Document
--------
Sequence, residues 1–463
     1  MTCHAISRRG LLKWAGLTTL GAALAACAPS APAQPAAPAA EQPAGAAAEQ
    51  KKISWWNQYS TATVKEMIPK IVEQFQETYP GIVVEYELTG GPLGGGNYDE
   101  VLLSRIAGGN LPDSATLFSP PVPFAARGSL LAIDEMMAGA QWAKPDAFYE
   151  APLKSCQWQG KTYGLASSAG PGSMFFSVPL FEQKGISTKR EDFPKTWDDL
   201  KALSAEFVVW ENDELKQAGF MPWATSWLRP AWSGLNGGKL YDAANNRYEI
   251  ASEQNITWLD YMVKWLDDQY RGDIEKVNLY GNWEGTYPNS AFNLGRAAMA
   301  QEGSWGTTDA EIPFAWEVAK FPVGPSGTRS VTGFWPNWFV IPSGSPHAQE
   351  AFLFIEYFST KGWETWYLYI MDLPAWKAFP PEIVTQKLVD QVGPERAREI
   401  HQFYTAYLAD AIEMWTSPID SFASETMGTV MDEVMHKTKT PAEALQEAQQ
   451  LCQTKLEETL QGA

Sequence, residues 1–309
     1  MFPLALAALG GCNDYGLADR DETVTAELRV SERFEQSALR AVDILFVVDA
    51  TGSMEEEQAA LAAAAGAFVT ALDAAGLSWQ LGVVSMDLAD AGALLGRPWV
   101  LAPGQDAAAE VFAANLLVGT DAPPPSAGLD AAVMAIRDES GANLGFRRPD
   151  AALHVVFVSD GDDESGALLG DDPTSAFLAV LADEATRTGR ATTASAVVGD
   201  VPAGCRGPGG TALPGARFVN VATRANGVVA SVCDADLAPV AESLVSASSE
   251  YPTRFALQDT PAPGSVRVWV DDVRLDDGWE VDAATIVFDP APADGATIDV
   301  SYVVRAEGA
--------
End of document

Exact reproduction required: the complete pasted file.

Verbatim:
Sequence, residues 1–463
     1  MTCHAISRRG LLKWAGLTTL GAALAACAPS APAQPAAPAA EQPAGAAAEQ
    51  KKISWWNQYS TATVKEMIPK IVEQFQETYP GIVVEYELTG GPLGGGNYDE
   101  VLLSRIAGGN LPDSATLFSP PVPFAARGSL LAIDEMMAGA QWAKPDAFYE
   151  APLKSCQWQG KTYGLASSAG PGSMFFSVPL FEQKGISTKR EDFPKTWDDL
   201  KALSAEFVVW ENDELKQAGF MPWATSWLRP AWSGLNGGKL YDAANNRYEI
   251  ASEQNITWLD YMVKWLDDQY RGDIEKVNLY GNWEGTYPNS AFNLGRAAMA
   301  QEGSWGTTDA EIPFAWEVAK FPVGPSGTRS VTGFWPNWFV IPSGSPHAQE
   351  AFLFIEYFST KGWETWYLYI MDLPAWKAFP PEIVTQKLVD QVGPERAREI
   401  HQFYTAYLAD AIEMWTSPID SFASETMGTV MDEVMHKTKT PAEALQEAQQ
   451  LCQTKLEETL QGA

Sequence, residues 1–309
     1  MFPLALAALG GCNDYGLADR DETVTAELRV SERFEQSALR AVDILFVVDA
    51  TGSMEEEQAA LAAAAGAFVT ALDAAGLSWQ LGVVSMDLAD AGALLGRPWV
   101  LAPGQDAAAE VFAANLLVGT DAPPPSAGLD AAVMAIRDES GANLGFRRPD
   151  AALHVVFVSD GDDESGALLG DDPTSAFLAV LADEATRTGR ATTASAVVGD
   201  VPAGCRGPGG TALPGARFVN VATRANGVVA SVCDADLAPV AESLVSASSE
   251  YPTRFALQDT PAPGSVRVWV DDVRLDDGWE VDAATIVFDP APADGATIDV
   301  SYVVRAEGA